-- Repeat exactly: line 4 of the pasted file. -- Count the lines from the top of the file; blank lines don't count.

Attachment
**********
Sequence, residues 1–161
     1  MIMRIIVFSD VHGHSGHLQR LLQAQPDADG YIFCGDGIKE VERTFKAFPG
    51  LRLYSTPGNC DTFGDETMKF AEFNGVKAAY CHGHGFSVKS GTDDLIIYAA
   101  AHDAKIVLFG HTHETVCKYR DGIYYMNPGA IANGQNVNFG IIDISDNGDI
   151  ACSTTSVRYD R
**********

   101  AHDAKIVLFG HTHETVCKYR DGIYYMNPGA IANGQNVNFG IIDISDNGDI